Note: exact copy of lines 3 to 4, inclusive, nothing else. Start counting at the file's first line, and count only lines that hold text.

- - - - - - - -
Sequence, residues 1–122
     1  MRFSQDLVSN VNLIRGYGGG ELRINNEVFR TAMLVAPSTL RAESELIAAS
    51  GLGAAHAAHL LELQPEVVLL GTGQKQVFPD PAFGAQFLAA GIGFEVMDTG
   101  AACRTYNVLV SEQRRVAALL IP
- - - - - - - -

    51  GLGAAHAAHL LELQPEVVLL GTGQKQVFPD PAFGAQFLAA GIGFEVMDTG
   101  AACRTYNVLV SEQRRVAALL IP